"It boggles the mind that over 90 percent of the galaxies in the universe have yet to be studied. Who knows what interesting properties we will find when we discover these galaxies with future generations of telescopes? In the near future, the James Webb Space Telescope will be able to study these ultra-faint galaxies, said Conselice.

That's good for about 700 billion trillion stars, and heaven knows how many planets. (Previously) Read the rest

NASA’s Hubble Spots Possible Water Plumes Erupting on Jupiter's Moon Europa

NASA/ESA/W. Sparks (STScI)/USGS Astrogeology Science Center

Astronomers working with the NASA Hubble Space Telescope have captured images of what might be water vapor plumes erupting from the surface of Jupiter's moon Europa. “This finding bolsters other Hubble observations suggesting the icy moon erupts with high altitude water vapor plumes,” reports NASA. “ The observation increases the possibility that missions to Europa may be able to sample Europa’s ocean without having to drill through miles of ice.”

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Hubble captures shimmering, luminous Twin Jet Nebula

Bipolar planetary nebulae occur when a twin star system lies at the center, forming beautiful wing-like symmetrical lobes. The Hubble team estimates this translucent beauty occurred only 1200 years ago. Read the rest

An ode to the Hubble Space Telescope

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In honor of the Hubble Space Telescope's 25th anniversary, NPR celebrates the iconic space craft with a little help from Iggy Azalea's “Trouble.” Read the rest

Eye of the furnace: Hubble captures close-up of spiral galaxy NGC 1097

From NASA's Image of the Day blog: "This face-on galaxy, lying 45 million light-years away from Earth in the southern constellation of Fornax (The Furnace), is particularly attractive for astronomers. NGC 1097 is a Seyfert galaxy. Lurking at the very center of the galaxy, a supermassive black hole 100 million times the mass of our sun is gradually sucking in the matter around it. The area immediately around the black hole shines powerfully with radiation coming from the material falling in." Read the rest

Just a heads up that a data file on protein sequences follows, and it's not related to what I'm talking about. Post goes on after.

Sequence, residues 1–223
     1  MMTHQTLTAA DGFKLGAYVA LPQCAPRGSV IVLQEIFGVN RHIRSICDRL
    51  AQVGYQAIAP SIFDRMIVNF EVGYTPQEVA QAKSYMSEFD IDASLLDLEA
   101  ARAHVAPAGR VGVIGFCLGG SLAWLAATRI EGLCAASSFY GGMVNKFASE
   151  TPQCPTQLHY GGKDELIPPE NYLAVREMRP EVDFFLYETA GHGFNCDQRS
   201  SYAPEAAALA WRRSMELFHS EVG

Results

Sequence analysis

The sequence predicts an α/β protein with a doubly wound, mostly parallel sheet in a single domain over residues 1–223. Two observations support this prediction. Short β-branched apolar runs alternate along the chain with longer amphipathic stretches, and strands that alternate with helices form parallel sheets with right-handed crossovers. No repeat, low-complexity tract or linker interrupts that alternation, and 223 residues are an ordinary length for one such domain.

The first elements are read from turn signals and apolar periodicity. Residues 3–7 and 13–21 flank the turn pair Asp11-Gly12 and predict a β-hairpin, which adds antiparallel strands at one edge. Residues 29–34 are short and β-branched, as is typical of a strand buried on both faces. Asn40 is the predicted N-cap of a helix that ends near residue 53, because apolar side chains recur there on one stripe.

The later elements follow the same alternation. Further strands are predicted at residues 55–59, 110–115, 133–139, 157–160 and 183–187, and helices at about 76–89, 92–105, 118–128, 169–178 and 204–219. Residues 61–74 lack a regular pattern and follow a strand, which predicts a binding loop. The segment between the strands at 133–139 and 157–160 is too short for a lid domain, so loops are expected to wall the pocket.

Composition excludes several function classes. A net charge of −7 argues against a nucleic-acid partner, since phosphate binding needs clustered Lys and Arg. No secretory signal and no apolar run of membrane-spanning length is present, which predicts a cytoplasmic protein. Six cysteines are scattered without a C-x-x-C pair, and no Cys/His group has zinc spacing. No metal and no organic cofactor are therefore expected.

Famous "star cradle" might have been destroyed long before we ever discovered it

This is one of the most-famous astronomy photos in the world. Called "The Pillars of Creation" it was taken by the Hubble telescope in 1995 and shows massive columns of hydrogen gas and dust in the Eagle Nebula—7,000 light years from Earth. Part of why these are a big deal is that columns of dust and gas like this are places where stars form.

But here's a cool and/or disappointing detail I hadn't known about until today. Back in 2007, researchers took more images of this region of space using the Spitzer Space Telescope. These shots suggest that the Pillars of Creation might actually be long gone—destroyed thousands of years ago by a nearby supernova.

A striking image from Spitzer shows the intact dust towers next to a giant cloud of hot dust thought to have been scorched by the blast of a star that exploded, or went supernova. Astronomers speculate that the supernova's shock wave could have already reached the dusty towers, causing them to topple about 6,000 years ago.

However, because light from this region takes 7,000 years to reach Earth, we won't be able to capture photos of the destruction for another millenium or so.

Space is crazy, y'all.

Read the rest at The Daily Galaxy Read the rest